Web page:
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Passport Transport truck burns with full load.


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Had you engaged in civil litigation it is very likely that you would have been successful.

 

 

 

Lawyers arent cheap, as you know..................

 

5000. to get started and my time to fly to Florida made it wiser to just walk away.

 

sometimes it just isnt worth it........................................!

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It seems that there is not much understanding of the reason that wheel bearings can cause a fire on big trailer axles. About 30 years ago I had to rebuild all the bearing seats on several sets of semi-trailer axles. I did whatever work customers brought to me, and these were pretty heavy to handle alone; but my big old English Lang lathe was long enough between centres to offset the end I was not working on enough in the 4 jaw independent chuck so the end I was rebuilding and machining ran true by the dial indicator to the original camber bend on the tailstock centre. The bearing seats were significantly worn by fretting because the bearings were loose on them. Obviously I could not grit- blast the ends in the cabinet, so after thorough cleaning I ran a rough threading cut across the worn sections do give the nickel-aluminide bond coat a good grip for the Metco Spraysteel LS repair coating. I finished them carefully to size so the new bearings were a dead size fit. The last set I did were for a very experienced operator, who I used to see occasionally in the supermarket at weekends when he was no driving his shuttle run carting Dulux automotive and industrial Dulux paint from the Melbourne factory 600 miles interstate to Sydney. Eddie had been replacing bearings very frequently; but he never replaced another bearing in 0ver 15 years after when he retired and sold his truck. The hubs were tight to get off and on when he had to replace his brakes; but he used his jack and a chain to pull them off, and he was as happy as a dog with two tails. A bearing relies on good thermal contact with its hub and axle to dissipate the heat it generates. If it cannot get rid of its heat, it may eventually ignite its grease. The old metaphor: "For want of a nail the shoe was lost; for want of a shoe the horse was lost".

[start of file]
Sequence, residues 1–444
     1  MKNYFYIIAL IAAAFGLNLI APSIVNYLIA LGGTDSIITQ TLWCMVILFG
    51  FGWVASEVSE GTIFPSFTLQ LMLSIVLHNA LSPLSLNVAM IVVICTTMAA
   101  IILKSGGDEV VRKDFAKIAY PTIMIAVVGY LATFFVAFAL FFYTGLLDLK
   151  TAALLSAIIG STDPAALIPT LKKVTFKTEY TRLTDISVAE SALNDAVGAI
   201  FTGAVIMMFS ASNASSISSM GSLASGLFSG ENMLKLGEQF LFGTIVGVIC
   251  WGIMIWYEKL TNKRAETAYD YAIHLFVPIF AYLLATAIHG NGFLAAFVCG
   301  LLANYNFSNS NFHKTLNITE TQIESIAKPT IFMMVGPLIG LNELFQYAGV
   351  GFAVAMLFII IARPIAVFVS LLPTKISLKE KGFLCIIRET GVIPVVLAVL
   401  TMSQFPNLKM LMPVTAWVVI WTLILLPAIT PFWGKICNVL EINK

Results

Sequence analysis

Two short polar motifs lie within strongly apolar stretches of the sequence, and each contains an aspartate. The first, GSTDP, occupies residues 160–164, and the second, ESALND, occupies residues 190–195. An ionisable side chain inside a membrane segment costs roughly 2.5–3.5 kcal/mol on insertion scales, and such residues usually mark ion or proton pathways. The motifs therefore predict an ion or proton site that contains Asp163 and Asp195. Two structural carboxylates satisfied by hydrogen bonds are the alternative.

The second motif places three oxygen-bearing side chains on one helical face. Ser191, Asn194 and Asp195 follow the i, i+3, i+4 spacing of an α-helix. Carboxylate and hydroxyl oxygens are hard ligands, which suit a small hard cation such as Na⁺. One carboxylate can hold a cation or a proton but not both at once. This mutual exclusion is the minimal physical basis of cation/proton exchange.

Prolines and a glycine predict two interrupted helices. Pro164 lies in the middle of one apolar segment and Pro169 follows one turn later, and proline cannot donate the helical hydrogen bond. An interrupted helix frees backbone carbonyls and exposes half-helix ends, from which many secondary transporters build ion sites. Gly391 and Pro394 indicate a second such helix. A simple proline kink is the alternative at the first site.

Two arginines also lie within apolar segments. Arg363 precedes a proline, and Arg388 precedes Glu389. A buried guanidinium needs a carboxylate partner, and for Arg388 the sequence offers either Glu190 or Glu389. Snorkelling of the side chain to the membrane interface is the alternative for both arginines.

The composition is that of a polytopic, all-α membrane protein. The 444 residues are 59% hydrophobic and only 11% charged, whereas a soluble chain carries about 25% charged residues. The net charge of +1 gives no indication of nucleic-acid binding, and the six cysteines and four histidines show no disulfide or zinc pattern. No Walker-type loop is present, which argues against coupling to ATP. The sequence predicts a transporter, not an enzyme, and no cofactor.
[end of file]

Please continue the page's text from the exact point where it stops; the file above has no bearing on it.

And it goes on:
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I am expecting a full assessment from the insurance company (Grundy) on Monday. At that point I will weigh out the options. I am more inclined to do the work over than to let it go for scrap but I also am not keen on fitting reproduction panels (aka door and fenders) onto the oem parts.

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Grundy is very easy to deal with. If you had an agreed value policy, they generally will offer you a payoff and the chance to buy it back. They will be chasing Passport for any payouts. In the small collector car world, it's not in anyone's intrest to try and turn the loss into a hassle. I saw the owner of Passport today at the Boca Raton show if I am not mistaken. His Model J Duesenberg looked very nice.

Edited by edinmass (see edit history)
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I think there are probably still some excellent doors and fenders out their that are original.  You would be surprised how much stuff is lingering in Garages and how many guys have spares.  NOS may be tough to find but even that is out their.  I'm amazed at what turns up.  I'm in the parts business but unfortunately don't have any parts for your truck.

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 All state laws involving insurance very and you should ck. with your state before proceeding.

 

 In MA, your insurance company has the right to total the truck and pay you the full value of it. 

 If you want to "buy it back" they must receive salvage bids from 3 different buyers and they will "charge" you the highest bid if you want it back.

 

 (Legally they don't buy your car and sell it back, they just pay the difference in the value of the car before and after, and it is not conceited a total)

 

However, If you claim damages through the "at fault party", and the damages do not exceed the value of the truck, then they can not total it if you fix it.

 

 There is no law that I know of where somebody can damage your car and force you to sell it to them. (except your own company by your accepting the terms of the policy)